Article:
Toronto Maple Leafs defenseman Jake Gardiner, 23, learned to skate about the same time he started walking. As a 2-year-old, he began hopping on the ice in his Minnetonka, Minn., backyard rink that his father would build every year.
“My dad actually got me into hockey,” Gardiner said. “He played as a kid and through high school. We’d always skate outdoors — my brother and I and my dad — my sister figure skated for a while, so she was out there every once in a while, too.”
It’s not hard to imagine that another Minnesota family enjoyed lacing up their skates. But what might come as a surprise is the conversations that would go on inside the Gardiner household.
“I never liked to do my homework when I was younger,” Gardiner said laughing, “and my mom always said, ‘What are you gonna do when you grow up?’ [And I’d respond], ‘Be a professional hockey player.’ I didn’t think that I actually would at that time. I obviously wanted it, but I didn’t know.”
The 6-foot-2 NHLer, who recently surpassed his 100th game mark in October, said he and his mom laugh about that now, every once in a while. Growing up he also played golf, baseball and soccer, but it was around the time he was drafted in 2008 — 17th overall by Anaheim — when he started to believe his childhood hockey dream could become a reality.
Gardiner played Minnetonka High School puck and was the 2008 All-Metro Player of the Year and a Mr. Hockey finalist. He went on to build a good foundation playing at the University of Wisconsin for three years. After his junior season in 2011, he joined the Maple Leafs’ American Hockey League affiliate, the Marlies, for 14 games, and in the fall he made his NHL debut.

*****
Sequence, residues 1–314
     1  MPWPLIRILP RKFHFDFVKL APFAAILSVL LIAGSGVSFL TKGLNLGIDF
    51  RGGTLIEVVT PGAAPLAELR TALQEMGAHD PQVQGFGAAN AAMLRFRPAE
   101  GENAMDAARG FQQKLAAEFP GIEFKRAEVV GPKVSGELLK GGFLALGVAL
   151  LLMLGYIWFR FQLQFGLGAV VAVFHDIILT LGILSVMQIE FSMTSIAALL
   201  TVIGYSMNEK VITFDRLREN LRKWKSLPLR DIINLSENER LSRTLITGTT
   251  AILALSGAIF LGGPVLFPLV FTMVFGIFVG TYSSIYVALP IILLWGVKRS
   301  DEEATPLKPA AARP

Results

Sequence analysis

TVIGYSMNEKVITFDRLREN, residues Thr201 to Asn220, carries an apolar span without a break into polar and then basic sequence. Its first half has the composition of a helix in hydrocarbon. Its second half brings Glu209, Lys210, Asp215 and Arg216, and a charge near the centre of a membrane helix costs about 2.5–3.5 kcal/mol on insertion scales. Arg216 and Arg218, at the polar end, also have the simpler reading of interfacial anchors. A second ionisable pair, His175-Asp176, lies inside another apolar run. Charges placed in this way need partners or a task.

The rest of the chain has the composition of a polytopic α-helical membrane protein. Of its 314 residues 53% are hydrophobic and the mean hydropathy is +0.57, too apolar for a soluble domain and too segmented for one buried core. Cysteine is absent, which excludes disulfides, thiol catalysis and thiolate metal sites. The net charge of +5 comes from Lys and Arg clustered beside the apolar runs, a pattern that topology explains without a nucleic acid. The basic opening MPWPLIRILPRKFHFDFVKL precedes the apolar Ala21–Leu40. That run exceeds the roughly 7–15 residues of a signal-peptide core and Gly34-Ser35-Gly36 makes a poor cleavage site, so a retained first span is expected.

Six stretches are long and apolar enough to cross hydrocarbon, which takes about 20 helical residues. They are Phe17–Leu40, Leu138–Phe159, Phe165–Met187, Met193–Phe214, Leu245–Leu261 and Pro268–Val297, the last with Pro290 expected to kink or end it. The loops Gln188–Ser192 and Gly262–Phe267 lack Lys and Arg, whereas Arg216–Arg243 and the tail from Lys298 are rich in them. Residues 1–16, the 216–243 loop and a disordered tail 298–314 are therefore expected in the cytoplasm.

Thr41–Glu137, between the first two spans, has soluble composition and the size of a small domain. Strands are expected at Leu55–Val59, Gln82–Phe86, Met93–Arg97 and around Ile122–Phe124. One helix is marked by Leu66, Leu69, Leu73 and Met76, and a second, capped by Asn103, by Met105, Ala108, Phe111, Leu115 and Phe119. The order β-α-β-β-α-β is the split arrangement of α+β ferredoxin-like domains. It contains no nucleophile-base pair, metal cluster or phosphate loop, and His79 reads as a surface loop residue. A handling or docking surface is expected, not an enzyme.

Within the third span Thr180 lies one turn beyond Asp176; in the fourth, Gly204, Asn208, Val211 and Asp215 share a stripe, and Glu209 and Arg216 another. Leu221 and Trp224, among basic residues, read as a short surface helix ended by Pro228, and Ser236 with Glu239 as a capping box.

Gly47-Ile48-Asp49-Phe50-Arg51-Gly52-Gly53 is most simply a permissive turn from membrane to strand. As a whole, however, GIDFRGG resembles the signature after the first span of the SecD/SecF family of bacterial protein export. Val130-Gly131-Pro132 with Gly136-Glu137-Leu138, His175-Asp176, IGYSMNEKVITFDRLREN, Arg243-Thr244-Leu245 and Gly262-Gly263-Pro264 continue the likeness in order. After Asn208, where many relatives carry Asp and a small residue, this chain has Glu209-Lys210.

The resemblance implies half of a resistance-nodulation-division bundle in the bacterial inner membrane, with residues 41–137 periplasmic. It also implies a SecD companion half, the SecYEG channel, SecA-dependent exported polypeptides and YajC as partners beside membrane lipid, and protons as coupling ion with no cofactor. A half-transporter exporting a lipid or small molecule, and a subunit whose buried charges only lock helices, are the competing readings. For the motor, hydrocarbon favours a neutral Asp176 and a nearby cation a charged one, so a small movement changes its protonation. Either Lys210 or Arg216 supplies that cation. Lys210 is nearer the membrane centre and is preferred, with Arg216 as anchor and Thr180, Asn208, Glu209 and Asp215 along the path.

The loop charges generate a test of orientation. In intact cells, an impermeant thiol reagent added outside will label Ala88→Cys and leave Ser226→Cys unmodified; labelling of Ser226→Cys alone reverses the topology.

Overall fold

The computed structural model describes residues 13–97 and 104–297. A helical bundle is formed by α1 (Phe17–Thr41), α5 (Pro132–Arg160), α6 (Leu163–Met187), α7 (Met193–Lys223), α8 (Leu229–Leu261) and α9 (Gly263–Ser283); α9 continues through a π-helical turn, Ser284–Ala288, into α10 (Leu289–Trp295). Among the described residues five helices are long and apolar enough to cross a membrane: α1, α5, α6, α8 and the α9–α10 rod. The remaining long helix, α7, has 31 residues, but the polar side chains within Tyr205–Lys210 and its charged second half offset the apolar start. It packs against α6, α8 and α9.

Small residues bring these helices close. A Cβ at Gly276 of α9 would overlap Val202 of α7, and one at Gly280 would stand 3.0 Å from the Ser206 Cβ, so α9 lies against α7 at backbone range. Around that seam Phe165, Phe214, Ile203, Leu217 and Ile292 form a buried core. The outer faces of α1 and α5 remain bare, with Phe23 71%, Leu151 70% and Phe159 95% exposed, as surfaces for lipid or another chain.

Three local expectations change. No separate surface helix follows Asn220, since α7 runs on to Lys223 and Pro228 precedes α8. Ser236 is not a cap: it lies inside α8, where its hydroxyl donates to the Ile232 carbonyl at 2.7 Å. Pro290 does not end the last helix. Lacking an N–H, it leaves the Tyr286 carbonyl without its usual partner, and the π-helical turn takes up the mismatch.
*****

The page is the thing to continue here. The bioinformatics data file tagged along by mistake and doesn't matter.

Gardiner tallied 30 points on seven goals and 23 assists in 75 games in the 2011-12 season and was named to the NHL All-Rookie Team. After spending most of the next year with the Marlies, Gardiner has grown and developed into “a more complete player” and is back in his Leafs jersey this season.
“When I first started in the league, I wasn’t as sharp defensively,” Gardiner said. “I think that the coaching staff — Randy Carlyle — has really worked with me to become more reliable defensively, more competitive in my defensive zone and finishing checks. I’m still working on that, but I think it has definitely improved from my first year.”
In Gardiner’s words, Toronto is a great city to play in because “it’s filled with passionate fans,” but that doesn’t mean his loyalty only belongs to Canada. Over the summer, Gardiner attended the U.S. Men’s National Team Orientation Camp along with his Maple Leafs teammates Phil Kessel and James Van Riemsdyk.
“It was really fun to be a part of the top 50 players in the U.S. — just to be with all those guys in the same camp was great,” Gardiner said. “We didn’t skate or anything, but just to see the way they carry themselves. We had some military people come and speak with us, and it was good to kind of hear their stories — you don’t get to see that every day, so the whole experience was an honor.”
He’s already represented the United States in the 2010 World Junior Championships and won a gold medal, which he said “was awesome,” but he has his eyes set on even bigger things.
“The Olympics would be a whole different level, you know, the best players in the world playing against each other,” Gardiner said. “I remember actually watching the 2010 Olympic games in college. I was watching the battle and thought just how cool it would be to wear that jersey. It has definitely been a dream of mine since I was a kid.”
He’s already had one childhood dream come true, so as the saying goes, be careful what you wish for because you just might get it.
Story from Red Line Editorial, Inc.